Tagged: torpedo


how to cut a torpedo cigar

Gary Korb teaches readers how to cut a torpedo cigar in today’s informative blog post.

So, you’re ready to smoke your first Torpedo cigar. Congratulations! You’ve moved up to one of the big boys, but you’re not entirely sure how to cut a Torpedo cigar it because the head is rolled to a point. Cigars of this type are categorized in cigar speak as “figurados,” which also includes Belicosos, Pyramids and the like. They’re rolled in this bottle-neck style so the smoke is more concentrated, and therefore, richer in flavor when it hits your palate. But don’t let that pointy little head intimidate you. It can be cut just like a round or flathead cigar. The main difference is how you cut it and the type of cigar cutter you use. Continue reading

Author:

Gary Korb has been writing and editing content for CigarAdvisor.com since its debut in 2008. An avid cigar smoker for over 30 years, during the past 12 years he has worked on the marketing side of the premium cigar business as a Sr. Copywriter, blogger, and cigar reviewer. A graduate of the Newhouse School of Public Communications at Syracuse University, prior to his career in the cigar business, Gary worked in the music and video industry as a marketer and a publicist.

Hayward TenneyI recently overheard a dubious piece of advice to a budding cigar smoker: “Pick a cigar that matches your body type,” the would-be advisor pontificated, “this way you won’t look silly. Big people should smoke big cigars, and small people should smoke small cigars.”

Yeah, no.

This is terrible advice. It’s nearly impossible to make every shape taste exactly alike, not that this would even be a good thing. Different shapes have different flavors; they feel different in your hand; they can even vary in strength. Don’t believe me? Head over to our Test Flights cigar samplers page and see for yourself!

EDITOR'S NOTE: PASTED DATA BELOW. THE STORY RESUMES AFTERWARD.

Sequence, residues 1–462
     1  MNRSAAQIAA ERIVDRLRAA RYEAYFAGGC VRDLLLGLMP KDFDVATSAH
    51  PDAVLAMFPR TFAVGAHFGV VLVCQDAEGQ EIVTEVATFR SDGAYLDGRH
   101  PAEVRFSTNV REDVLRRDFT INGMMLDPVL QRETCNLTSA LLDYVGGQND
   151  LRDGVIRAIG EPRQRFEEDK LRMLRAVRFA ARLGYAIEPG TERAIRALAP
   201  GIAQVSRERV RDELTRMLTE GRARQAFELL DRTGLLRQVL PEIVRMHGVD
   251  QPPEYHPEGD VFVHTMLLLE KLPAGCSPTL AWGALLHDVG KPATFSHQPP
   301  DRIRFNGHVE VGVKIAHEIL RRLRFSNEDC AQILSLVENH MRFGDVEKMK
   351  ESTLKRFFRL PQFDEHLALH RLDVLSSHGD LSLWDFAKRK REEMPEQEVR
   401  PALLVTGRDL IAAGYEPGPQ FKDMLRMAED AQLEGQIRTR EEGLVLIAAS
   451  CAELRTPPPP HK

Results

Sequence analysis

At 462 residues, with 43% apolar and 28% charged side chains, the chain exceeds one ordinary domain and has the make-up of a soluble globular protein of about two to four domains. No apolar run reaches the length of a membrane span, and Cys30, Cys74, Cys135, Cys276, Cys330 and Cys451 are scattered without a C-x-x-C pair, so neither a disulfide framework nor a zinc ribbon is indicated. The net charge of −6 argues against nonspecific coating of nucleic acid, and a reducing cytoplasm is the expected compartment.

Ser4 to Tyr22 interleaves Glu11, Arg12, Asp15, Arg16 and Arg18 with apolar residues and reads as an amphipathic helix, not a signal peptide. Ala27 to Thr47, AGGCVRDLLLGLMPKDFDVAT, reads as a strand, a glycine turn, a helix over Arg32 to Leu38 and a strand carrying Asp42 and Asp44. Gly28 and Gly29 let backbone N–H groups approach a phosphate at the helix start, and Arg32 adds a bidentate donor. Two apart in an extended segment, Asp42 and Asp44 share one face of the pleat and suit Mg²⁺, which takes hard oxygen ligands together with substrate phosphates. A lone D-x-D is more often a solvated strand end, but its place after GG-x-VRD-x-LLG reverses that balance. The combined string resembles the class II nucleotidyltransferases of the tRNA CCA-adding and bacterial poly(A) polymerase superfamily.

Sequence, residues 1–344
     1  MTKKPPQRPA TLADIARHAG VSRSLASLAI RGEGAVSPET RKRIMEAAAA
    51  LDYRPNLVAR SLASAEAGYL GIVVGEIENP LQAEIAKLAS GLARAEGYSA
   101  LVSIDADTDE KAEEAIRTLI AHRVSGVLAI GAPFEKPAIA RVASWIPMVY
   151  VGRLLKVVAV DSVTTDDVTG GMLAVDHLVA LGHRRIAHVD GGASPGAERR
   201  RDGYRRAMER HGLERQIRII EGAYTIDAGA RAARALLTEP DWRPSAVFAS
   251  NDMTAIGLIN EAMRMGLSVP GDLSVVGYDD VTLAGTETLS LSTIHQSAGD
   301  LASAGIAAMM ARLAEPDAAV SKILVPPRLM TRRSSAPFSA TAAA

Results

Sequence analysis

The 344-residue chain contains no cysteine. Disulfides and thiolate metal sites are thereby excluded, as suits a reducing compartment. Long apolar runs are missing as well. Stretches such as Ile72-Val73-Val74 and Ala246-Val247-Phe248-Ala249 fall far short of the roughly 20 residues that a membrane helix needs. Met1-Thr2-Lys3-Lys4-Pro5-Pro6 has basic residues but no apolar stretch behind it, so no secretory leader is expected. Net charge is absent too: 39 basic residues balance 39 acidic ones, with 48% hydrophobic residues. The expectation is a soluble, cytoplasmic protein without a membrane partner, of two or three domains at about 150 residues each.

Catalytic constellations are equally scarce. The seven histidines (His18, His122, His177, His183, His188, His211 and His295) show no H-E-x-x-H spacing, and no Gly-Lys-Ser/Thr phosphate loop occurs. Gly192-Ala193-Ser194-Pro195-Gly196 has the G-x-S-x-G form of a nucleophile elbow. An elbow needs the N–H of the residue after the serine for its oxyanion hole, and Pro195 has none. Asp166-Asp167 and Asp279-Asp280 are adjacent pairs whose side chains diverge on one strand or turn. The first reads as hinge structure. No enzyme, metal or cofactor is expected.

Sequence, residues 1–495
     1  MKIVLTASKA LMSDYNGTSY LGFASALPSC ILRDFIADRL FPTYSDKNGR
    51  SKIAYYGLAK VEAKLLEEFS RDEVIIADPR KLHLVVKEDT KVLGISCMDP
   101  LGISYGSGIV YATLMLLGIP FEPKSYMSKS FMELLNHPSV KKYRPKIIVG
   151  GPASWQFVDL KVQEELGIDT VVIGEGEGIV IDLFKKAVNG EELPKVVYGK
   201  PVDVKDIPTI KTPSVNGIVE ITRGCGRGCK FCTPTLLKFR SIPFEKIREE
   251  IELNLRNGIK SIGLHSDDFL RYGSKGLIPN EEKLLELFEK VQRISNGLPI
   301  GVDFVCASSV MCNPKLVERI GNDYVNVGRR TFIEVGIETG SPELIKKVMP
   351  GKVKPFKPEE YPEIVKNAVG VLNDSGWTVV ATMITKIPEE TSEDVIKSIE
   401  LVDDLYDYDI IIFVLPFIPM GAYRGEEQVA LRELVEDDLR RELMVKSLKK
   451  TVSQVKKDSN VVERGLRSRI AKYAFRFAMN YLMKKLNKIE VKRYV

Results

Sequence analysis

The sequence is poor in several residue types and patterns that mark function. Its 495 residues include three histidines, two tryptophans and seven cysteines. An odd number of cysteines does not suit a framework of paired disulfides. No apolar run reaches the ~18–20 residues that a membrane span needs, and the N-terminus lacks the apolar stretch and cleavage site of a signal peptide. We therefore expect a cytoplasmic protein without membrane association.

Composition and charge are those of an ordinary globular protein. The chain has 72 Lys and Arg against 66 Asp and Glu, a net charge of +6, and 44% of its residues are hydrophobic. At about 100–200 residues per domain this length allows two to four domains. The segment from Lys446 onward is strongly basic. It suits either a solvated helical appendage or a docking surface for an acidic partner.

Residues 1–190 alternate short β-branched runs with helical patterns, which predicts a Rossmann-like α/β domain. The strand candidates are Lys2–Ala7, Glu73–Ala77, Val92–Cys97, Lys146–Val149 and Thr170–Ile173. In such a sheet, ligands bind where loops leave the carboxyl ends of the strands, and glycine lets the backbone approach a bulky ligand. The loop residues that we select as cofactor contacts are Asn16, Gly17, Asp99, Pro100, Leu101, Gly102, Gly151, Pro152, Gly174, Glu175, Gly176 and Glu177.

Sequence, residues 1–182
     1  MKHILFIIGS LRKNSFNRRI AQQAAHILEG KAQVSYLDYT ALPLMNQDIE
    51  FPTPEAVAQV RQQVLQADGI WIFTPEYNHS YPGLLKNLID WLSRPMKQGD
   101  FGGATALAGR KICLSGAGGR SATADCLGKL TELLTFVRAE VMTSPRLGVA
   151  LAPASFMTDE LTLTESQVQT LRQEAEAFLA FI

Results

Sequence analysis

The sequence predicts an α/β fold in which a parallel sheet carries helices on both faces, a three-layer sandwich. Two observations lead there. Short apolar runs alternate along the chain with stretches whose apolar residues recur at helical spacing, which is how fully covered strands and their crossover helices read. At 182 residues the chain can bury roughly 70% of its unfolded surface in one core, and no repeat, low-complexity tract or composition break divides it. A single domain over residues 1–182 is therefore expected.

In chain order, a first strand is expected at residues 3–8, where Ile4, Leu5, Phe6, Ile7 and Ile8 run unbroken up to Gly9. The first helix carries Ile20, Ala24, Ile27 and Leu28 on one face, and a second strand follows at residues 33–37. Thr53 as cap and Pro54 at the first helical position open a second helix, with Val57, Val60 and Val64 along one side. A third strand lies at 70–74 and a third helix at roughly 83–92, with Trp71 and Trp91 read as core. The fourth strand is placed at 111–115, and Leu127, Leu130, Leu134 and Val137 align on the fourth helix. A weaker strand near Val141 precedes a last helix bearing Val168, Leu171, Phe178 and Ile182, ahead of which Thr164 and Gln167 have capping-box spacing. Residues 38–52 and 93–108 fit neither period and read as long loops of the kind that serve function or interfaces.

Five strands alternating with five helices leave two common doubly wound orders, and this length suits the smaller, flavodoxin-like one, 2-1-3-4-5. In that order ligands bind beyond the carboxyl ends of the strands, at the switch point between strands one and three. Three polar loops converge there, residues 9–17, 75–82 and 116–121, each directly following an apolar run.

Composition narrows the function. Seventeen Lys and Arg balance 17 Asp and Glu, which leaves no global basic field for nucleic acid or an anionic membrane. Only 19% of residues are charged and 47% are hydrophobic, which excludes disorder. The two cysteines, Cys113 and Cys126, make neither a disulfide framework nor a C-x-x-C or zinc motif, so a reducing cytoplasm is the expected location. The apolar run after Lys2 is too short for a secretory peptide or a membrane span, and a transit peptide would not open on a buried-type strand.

If I heeded the aforementioned advice, I’d be stuck smoking Flor de Oliva Super Giants. But I LIKE that a Lancero generally produces more of the wrapper’s flavor in a stronger-tasting smoke, while a fat 60 ring Toro will burn cool with a more balanced, milder flavor. There’s a time and a place for every vitola available today.

As you buy more cigars, you’ll probably find yourself gravitating to a particular vitola, regardless the brand. For me, it’s Corona and Corona Gorda. Others appreciate the way a torpedo concentrates the flavor. Still others prefer the myraid transitions of a Double Perfecto.

Whatever your preference, it’s important to remember that each vitola has its own merits. Short on time? Try a Petite Corona. REALLY short on time? Go for something even smaller! Need an all-day burner for the golf course? Reach for a Double Corona or Presidente. After dinner drinks? A Churchill offers exceptional balance in hand and an inimitable elegance. Just closed a big deal? Try a fancy figurado like a Pyramid, Salomon, or Diadema.

Robustos have somehow come to dominate the American cigar-scape. And I know many a cigar smoker who will stick to Robusto, because they’re the default. But if you’re serious about enjoy cigars…and let’s be honest, you wouldn’t still be reading if that weren’t the case…branch out and try a new vitola or two – even in a blend you’re already familiar with. Odds are, you’ll be pleasantly surprised.

Hayward Tenney

Author:

When he's not busy writing, editing, smoking cigars, or raising his many, many children, Hayward "It's Lou, not Hayward" Tenney spends his days combating confusion about his real name (it's Hayward, but please - call him "Lou") and mourning the matrimonially-induced loss of his moustache (what's he gonna do with all that moustache wax he made?).